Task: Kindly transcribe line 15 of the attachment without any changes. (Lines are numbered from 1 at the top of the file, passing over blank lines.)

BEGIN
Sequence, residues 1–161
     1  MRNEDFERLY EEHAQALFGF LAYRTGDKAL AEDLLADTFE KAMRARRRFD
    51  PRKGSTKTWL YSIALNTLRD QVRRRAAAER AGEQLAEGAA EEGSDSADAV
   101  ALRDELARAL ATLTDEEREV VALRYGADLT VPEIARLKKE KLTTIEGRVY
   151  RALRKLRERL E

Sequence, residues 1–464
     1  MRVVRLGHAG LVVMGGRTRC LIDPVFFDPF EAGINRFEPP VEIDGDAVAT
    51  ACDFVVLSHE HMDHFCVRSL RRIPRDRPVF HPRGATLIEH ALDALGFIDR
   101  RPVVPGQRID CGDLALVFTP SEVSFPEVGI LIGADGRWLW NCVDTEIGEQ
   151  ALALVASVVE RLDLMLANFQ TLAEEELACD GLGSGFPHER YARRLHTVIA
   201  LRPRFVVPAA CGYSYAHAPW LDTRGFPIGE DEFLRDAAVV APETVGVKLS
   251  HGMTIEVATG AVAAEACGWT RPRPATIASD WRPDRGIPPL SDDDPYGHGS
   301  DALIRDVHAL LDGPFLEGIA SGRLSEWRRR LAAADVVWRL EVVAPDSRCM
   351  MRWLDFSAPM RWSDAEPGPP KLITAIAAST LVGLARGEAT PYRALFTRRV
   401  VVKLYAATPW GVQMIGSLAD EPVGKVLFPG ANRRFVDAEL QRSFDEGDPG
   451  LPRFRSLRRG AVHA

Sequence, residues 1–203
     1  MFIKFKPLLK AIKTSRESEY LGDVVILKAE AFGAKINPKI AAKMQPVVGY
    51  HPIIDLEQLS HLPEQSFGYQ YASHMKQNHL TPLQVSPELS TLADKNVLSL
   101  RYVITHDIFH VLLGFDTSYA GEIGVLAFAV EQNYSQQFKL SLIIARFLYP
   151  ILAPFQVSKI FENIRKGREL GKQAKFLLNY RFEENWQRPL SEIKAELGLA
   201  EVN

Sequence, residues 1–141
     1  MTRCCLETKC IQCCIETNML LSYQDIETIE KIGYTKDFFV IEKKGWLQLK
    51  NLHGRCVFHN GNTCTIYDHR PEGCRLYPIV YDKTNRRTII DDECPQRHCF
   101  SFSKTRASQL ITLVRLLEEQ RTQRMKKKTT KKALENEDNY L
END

   401  VVKLYAATPW GVQMIGSLAD EPVGKVLFPG ANRRFVDAEL QRSFDEGDPG